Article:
Canadian real estate owners are turning to private lenders, which may not be great news. Canada Mortgage and Housing Corporation (CMHC) gave households an update on lender data from 2018. The overall rate of delinquency remains low. However, increasingly popular private lenders are seeing delinquency rates 8x higher than typical.
Canadian Mortgage Lenders
Canadian mortgage lending can be split into four major categories: banks, credit unions, mortgage finance companies, and Mortgage Investment Entities (MIEs). Banks are the largest lender, and held 75% of the market share in Canada in 2018. Credit Unions (and caisses populaires in Quebec), were the second largest at 14% of the market. MFCs held 6% of the market, and MIEs held the other 1% of the market.
Banks and credit unions are obvious, but MFCs and MIEs may need an explanation. MFCs are lenders only accessible through mortgage brokers, and are non-depository lenders. They typically have lower rates than banks and credit unions. MIEs, a.k.a. alternative lenders, are composed of Mortgage Investment Companies (MICs) and private lenders. These take on riskier clientele for short term loans. In exchange for the risk, they charge much higher interest rates. The ultimate goal is to transition these borrowers to a traditional lender. To put it generally, MFCs have lower rates for well qualified borrowers. MIEs take on riskier clientele at higher rates, for short periods of time.
Users of MFCs Have The Highest Average Balance
There’s a huge gap between the size of mortgages held by mortgage lenders. MFCs has an average mortgage size of $258,140 in Q3 2018 – the largest of any segment. Banks followed with an average mortgage of $220,650 in the same quarter. MIEs followed in third with an average mortgage balance of $194,760. Credit Unions had the smallest average balance at just $150,995. Rates and regional operation likely impact how these numbers are distributed. For instance, MFCs have the highest balances, but also the lowest rates. Credit Unions are less prominent in major cities, and hold fewer big city mortgages.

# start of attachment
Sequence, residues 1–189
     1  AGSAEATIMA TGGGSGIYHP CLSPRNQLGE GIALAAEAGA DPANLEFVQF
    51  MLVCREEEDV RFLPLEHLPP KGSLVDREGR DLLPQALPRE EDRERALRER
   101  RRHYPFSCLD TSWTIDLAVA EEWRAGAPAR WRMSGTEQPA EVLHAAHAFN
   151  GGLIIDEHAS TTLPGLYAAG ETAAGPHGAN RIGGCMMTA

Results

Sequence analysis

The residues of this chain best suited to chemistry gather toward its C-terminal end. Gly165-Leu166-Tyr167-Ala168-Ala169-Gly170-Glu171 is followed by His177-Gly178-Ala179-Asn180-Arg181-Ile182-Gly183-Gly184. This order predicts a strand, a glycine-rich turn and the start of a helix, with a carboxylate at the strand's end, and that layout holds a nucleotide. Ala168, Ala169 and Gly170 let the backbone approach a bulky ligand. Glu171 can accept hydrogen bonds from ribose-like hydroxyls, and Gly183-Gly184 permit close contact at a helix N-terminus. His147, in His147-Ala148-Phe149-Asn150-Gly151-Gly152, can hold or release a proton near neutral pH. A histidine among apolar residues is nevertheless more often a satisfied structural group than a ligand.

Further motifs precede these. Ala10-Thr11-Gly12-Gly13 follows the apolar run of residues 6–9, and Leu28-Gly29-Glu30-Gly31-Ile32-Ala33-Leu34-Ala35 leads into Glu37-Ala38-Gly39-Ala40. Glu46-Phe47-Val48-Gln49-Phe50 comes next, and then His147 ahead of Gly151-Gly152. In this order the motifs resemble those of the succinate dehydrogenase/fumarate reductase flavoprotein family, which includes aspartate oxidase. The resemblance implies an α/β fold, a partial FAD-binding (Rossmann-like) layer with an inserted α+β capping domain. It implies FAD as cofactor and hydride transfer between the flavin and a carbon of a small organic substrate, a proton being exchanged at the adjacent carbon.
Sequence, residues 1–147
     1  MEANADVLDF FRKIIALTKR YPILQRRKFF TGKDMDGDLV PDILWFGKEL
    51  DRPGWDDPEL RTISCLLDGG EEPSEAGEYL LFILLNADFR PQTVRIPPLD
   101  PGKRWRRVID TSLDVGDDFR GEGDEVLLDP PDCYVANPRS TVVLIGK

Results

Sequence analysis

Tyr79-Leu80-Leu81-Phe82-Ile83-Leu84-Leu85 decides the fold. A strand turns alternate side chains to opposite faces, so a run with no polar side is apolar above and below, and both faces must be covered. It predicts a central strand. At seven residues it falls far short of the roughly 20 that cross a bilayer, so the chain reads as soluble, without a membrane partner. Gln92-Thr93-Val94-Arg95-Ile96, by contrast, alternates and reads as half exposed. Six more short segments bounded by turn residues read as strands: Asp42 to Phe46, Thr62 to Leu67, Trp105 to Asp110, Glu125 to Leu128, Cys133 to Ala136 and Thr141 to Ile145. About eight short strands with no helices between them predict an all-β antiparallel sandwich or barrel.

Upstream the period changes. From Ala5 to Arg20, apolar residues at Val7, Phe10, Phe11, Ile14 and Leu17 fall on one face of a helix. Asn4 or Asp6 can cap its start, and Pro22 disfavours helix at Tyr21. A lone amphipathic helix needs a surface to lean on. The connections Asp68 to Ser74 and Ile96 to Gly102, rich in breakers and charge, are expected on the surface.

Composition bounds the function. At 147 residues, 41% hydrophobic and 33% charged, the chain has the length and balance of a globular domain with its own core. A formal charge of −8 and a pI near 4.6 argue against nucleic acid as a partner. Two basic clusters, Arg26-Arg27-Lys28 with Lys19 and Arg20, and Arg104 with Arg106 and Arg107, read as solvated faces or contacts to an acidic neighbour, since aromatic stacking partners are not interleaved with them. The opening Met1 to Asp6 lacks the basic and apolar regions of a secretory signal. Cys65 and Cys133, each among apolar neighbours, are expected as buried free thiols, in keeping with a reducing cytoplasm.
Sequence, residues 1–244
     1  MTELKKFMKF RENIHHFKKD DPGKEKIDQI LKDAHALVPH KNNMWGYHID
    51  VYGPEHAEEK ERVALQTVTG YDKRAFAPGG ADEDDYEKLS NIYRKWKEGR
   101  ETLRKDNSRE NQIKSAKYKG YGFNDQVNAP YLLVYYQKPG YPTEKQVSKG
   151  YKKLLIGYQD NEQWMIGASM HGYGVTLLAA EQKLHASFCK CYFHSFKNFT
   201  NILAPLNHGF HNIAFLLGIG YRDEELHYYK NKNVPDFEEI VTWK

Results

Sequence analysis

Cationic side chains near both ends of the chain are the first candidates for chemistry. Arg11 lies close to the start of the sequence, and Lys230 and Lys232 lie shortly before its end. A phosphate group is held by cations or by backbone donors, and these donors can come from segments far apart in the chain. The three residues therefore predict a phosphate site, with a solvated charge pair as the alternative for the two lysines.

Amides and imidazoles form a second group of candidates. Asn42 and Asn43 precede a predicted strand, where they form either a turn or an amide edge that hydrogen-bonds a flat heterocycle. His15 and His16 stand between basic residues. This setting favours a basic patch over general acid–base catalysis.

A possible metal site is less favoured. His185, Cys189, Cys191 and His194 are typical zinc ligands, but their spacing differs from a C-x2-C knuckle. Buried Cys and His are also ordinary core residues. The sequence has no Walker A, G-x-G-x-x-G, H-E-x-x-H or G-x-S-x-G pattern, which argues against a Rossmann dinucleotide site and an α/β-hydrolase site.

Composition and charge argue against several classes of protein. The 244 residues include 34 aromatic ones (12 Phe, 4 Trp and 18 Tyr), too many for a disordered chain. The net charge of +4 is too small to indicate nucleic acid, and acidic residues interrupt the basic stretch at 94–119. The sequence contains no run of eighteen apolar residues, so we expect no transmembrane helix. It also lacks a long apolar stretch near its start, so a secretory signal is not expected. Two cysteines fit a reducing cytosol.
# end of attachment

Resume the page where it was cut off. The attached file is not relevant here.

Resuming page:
Canadian Mortgage Lender Average Mortgage
The average value for mortgages held by Canadaian lenders in 2018, by type.
Source: CMHC, Better Dwelling.
Delinquency Rates Are 8x Higher At Alternative Lenders
Delinquency rates are low across Canada, but are higher outside of traditional banking. Credit Unions have the lowest number, with a delinquency rate of 0.17% in Q3 2018. Banks follow with a delinquency rate of 0.24%, which is higher but still very low. MFCs came in third with 0.25%, only slightly higher than banks. MIEs have a delinquency rate of 1.93%, about 8 times the rate of traditional banks. Once again, rates and regional issues help give context to these numbers. Riskier borrowers with higher rates are more likely to become delinquent. Smaller, more rural mortgages held by credit unions are more manageable.
Canadian Lender Delinquency Rates
The rate of delinquencies at Canadian mortgage lenders in 2018.
Source: CMHC, Better Dwelling.
Overall, the rate of delinquencies at Canadian mortgage lenders is relatively small. MIEs, while a small part of the market, still present concentrated risk. These types of lenders are increasingly popular in regions like Toronto and Vancouver. With a delinquency rate of 8x the typical rate, risk may be elevated in these regions.
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